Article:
While campaigning during the last election, John Horgan promised the first thing he would do upon being elected was to head directly to Washington, D.C. to solve the softwood lumber dispute.
That was almost three years ago, and while he did fly to the U.S. capital in 2017 to pick up a cheque from union bosses south of the border, Premier Horgan has since gone AWOL on the forestry file.
Last week the federal government led a delegation to Washington along with the premiers of Ontario, Alberta, Quebec, Saskatchewan and New Brunswick. Horgan was absent.
All of these provinces produce substantial lumber exports, but without B.C. on board, the federal minister responsible for Canada/U.S. trade relations, Chrystia Freeland, would not have the full backing of the whole team.
The fact is B.C. is one of the world’s largest exporters of softwood lumber. As we all know, politicians south of the border are highly protective of their own domestic suppliers. That’s why the U.S. has imposed punishing tariffs on Canadian softwood imports.
Although a preliminary finding by the U.S. Commerce Department would see border duties cut in half, the B.C. Council of Forest Industries is greeting this recent news with a great deal of caution.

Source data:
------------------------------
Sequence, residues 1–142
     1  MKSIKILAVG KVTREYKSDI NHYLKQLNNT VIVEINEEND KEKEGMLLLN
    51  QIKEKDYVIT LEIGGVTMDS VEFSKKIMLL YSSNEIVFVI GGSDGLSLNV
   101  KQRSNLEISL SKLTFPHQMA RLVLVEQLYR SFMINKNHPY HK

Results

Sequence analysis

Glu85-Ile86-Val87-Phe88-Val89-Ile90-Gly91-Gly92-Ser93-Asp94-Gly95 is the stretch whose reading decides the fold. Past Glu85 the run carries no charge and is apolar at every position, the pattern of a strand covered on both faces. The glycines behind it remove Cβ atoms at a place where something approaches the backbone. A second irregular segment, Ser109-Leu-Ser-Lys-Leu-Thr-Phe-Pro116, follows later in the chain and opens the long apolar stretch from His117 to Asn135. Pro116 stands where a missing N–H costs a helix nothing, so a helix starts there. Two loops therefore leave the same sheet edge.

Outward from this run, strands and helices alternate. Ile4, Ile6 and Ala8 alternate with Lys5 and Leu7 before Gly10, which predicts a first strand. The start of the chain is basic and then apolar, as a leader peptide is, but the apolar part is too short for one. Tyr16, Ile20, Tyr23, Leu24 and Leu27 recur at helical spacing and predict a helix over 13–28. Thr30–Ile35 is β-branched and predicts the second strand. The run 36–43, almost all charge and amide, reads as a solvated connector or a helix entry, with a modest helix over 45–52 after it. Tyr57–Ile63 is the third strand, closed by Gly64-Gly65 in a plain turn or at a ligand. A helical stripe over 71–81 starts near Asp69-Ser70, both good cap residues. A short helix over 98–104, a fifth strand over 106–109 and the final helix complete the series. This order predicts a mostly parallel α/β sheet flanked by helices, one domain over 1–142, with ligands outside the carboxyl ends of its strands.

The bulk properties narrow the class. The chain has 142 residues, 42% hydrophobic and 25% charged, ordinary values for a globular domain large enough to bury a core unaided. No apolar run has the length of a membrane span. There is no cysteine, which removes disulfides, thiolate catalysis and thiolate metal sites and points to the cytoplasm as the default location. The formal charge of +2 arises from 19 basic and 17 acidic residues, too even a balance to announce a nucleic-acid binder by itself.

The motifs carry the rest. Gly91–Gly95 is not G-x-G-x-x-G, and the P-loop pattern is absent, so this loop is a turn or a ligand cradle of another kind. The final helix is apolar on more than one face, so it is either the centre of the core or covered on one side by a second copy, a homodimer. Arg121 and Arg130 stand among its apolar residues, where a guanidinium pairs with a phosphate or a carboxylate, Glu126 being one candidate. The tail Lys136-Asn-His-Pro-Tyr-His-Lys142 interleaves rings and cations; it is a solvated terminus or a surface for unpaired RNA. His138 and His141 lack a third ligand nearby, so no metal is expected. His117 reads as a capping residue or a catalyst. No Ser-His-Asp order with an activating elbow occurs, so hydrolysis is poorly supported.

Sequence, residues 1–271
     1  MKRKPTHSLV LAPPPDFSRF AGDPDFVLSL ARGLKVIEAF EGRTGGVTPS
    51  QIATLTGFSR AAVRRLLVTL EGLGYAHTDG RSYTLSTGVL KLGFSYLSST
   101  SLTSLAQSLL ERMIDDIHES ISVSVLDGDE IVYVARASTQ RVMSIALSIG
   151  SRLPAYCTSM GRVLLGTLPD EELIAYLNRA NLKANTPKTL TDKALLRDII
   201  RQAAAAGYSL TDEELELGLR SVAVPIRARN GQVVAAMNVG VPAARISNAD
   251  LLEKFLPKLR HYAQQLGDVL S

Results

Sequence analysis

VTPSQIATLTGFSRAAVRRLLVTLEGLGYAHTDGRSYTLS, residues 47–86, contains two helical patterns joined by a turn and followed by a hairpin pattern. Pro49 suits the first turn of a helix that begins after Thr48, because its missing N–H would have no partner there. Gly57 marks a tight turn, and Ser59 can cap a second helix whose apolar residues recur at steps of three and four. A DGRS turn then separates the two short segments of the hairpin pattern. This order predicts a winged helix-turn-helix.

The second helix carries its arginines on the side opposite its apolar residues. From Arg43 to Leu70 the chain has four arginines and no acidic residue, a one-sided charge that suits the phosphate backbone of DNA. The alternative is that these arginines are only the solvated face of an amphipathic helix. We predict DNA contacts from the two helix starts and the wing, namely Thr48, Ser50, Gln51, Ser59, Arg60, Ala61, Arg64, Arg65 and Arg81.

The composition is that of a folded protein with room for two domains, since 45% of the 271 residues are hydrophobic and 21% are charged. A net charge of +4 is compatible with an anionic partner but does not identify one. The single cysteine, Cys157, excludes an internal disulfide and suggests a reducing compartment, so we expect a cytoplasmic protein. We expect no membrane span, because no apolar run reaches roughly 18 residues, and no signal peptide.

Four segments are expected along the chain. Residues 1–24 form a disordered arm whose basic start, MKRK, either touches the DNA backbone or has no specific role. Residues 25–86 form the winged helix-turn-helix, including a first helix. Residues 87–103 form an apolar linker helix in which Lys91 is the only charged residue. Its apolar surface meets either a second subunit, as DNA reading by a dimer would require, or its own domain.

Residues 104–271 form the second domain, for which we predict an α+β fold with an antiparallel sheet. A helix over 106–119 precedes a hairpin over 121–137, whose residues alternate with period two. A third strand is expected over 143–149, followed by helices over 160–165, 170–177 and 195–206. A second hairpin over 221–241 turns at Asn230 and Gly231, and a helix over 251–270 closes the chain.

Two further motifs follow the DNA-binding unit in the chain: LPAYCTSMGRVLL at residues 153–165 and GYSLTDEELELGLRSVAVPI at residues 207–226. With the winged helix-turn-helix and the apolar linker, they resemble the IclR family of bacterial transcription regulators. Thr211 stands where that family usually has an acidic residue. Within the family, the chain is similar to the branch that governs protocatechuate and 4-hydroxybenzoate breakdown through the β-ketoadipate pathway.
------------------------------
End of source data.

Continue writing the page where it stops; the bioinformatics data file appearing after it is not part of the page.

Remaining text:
We have to wait until August for a final decision, and in a presidential election year, U.S. producers could put the pressure on.
In fact, the U.S. Lumber Coalition is dismissing the preliminary finding claiming that Canada’s “massive subsidies” cause harm to U.S. workers.
For all of these reasons, it would have been a decisive opportunity if all Canadian premiers stood together in Washington and presented a united front.
Unfortunately Premier John Horgan passed his nose at the opportunity, and in doing so, also snubbed out-of-work forest workers.
Donna Barnett is the Liberal MLA for the Cariboo-Chilcotin.